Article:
Sociological Theories of Law

Mathieu Deflem
www.mathieudeflem.net

This is an online copy of a publication in Encyclopedia of Law and Society: American and Global Perspectives, edited by David S. Clark, pp. 1410-1413. Thousand Oaks, CA: Sage Publications, 2007. Also available in print-friendly pdf format.

Cite as: Deflem, Mathieu. 2007. "Sociological Theories of Law." Pp. 1410-1413 in Encyclopedia of Law and Society: American and Global Perspectives, edited by David S. Clark. Thousand Oaks, CA: Sage Publications.



Among the social sciences, sociological theories stand out among the most developed analytical perspectives that contemplate the role of law in society. Not only is sociology unique in offering theoretical perspectives onthe place and transformation of the institution of law relative to the whole of society, it is also the case that sociologists have offered many of the important intellectual building blocks of other social theories of law. The two most central founders of sociology, Max Weber (1864-1920) and Émile Durkheim (1858-1917), developed elaborate theories of law without which no social theory of law today would be possible. In the further maturation of the sociological discipline, theoretical interest in the study of law waxed and waned. Consistent in the sociological study of law, however, has been a systematic focus on the societal characteristics of law based on general theoretical models.

Classical Sociology

The sociological classics contributed to the theoretical study of law by offering systematic accounts of the changing role of law in the rapidly changing societies at the dawn of the twentieth century. In France, Émile Durkheim contemplated the role of law in securing integration in a society that is highly industrialized and that is culturally marked by a high degree of individualism. Law was to Durkheim the measurable indicator of a society’s morality, which the sociologist analyzes in terms of its causes and functions. Specifically, Durkheim posited a theory of legal change from repressive law to restitutive law. Repressive law reflected the religious traditions of relatively small-scale mechanical societies, where any infraction of law, however small, was punished severely. By contrast, the large organic societies of modern times allow for greater individual variation in thought and action, leading law to seek to secure order as well as diversity and allow for restitution and reintegration, should legal norms be broken. Alongside this transformation of law, Durkheim theorized, professional associations would have to take up some of the integrative functions that once were secured by traditional systems of law.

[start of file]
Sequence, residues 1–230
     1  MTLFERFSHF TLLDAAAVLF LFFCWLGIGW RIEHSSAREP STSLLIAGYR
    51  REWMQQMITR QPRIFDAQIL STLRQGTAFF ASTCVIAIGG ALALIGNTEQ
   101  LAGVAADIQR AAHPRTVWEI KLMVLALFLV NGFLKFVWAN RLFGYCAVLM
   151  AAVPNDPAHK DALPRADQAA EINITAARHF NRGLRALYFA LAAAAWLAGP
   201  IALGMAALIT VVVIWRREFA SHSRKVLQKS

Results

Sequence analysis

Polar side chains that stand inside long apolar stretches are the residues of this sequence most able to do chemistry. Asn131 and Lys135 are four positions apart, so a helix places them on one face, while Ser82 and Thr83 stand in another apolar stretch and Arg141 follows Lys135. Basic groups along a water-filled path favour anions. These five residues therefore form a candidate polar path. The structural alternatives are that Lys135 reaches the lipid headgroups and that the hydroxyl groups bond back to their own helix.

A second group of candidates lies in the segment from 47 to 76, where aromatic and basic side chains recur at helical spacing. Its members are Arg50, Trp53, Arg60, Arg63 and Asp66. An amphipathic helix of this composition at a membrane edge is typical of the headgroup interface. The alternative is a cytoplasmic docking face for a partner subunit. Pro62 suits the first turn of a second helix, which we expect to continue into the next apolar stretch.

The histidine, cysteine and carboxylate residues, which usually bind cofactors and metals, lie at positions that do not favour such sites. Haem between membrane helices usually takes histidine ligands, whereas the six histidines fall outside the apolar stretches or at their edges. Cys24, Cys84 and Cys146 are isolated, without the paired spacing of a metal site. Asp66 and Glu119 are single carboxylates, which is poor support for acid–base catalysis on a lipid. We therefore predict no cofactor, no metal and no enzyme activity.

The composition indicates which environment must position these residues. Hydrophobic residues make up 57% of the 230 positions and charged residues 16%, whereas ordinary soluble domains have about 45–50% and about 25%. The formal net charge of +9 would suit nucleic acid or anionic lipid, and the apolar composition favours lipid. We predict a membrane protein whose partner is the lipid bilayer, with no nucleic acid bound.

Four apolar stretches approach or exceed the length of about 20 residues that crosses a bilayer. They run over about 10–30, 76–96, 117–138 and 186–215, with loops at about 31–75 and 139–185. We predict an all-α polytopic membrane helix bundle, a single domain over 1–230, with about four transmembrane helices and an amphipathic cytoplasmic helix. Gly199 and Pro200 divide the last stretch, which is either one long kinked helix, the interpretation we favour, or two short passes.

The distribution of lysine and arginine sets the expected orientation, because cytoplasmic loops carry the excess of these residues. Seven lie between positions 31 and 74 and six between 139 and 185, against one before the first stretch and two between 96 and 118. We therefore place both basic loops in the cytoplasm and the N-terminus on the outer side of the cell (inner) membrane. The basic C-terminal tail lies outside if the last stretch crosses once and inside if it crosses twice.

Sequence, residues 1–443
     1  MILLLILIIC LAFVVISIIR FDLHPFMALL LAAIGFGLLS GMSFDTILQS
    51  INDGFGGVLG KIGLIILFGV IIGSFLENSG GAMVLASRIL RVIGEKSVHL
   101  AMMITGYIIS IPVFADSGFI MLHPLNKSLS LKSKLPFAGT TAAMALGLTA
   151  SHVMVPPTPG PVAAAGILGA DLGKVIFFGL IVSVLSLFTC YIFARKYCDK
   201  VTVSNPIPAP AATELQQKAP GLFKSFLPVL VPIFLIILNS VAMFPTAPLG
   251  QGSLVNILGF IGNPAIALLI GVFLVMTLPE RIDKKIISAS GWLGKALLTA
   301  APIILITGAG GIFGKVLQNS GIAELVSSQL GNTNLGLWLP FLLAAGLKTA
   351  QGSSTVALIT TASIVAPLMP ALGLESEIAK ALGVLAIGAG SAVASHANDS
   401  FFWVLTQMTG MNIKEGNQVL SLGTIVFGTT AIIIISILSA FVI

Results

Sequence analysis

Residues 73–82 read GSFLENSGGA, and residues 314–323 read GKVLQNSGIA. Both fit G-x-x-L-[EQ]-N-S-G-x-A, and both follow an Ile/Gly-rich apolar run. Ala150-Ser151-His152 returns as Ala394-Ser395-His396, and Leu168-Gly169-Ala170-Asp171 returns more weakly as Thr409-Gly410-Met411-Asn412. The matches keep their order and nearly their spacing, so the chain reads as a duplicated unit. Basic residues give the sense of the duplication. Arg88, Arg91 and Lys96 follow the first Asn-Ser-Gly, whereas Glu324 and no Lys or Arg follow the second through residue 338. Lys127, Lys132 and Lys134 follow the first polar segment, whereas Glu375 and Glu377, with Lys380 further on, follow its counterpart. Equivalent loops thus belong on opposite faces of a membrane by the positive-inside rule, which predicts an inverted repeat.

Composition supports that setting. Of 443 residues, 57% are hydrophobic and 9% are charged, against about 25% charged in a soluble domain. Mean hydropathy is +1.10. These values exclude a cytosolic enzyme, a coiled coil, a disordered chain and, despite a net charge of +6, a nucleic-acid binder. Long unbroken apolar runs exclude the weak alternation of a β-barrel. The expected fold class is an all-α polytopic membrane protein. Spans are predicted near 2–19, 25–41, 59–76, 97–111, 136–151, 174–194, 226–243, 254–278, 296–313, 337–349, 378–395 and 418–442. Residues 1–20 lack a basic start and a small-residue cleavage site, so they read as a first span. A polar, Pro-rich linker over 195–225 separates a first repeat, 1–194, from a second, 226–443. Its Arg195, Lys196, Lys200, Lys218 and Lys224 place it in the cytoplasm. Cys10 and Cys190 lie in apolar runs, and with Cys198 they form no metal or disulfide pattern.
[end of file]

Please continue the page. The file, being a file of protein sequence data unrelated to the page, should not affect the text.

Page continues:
The contributions to law of the German sociologist Max Weberremain among the most developed and systematic in sociology until this day. Even more clearly than Durkheim, Weber positioned the sociology of law in relation to other intellectual perspectives of law. Specifically, Weber defined the sociology of law as the external study of the empirical characteristics of law’s role in society. Differentiated from this perspective are the internal study of law, which is undertaken by legal professionals to maintain the consistency of the legal system, and moral perspectives of law, which seek to ground or criticize law based on a normative principle. Weber argued that the theoretical key to the transition from preindustrial to modern law was the specific form of the rationalization of law. According to Weber, modern law is formally rational, meaning that law is based on procedures requiring that it should apply equally and fairly to all. Besides being impartial, modern law is also codified (written down) and impersonal in its procedural reliance exclusively on the facts of the case.

Although sociological theories of law could benefit, perhaps more clearly than any other specialty area, from the pioneering work of the discipline’s founders, the sociology of law was relatively slow to progress during the first half of the twentieth century. To be sure, several scholars, especially in Europe, took up the challenge to develop theoretical perspectives in the sociological study of law. Eugen Ehrlich (1862-1922), Nicholas Timasheff (1886-1970), and Georges Gurvitch (1894-1965) were most notable among those who contributed to the theoretical elucidation of law from a sociological viewpoint. Yet, the works of these scholars have only recently been discussed and have not influenced much research or debate.

Contemporary Sociology

With the elaboration of modern sociology after the end of World War II, the study of law was initially not central to the discipline, although law nonetheless found a place in the major theoretical schools of the day. Best developed was the functionalist perspective of law in the work of Talcott Parsons (1902-1979). The leading sociological theorist in the postwar era, Parsons emphasized the role of law as an integrative mechanism of social control. The legal system was conceived as being in relative autonomy to society’s other specialized institutions: the polity, the economy, and the values system. In terms of law’s integrative function, the legal profession was of special interest to Parsons because of its role in mediating between the technical requisites of the legal system and the needs of everyday citizens to receive justice.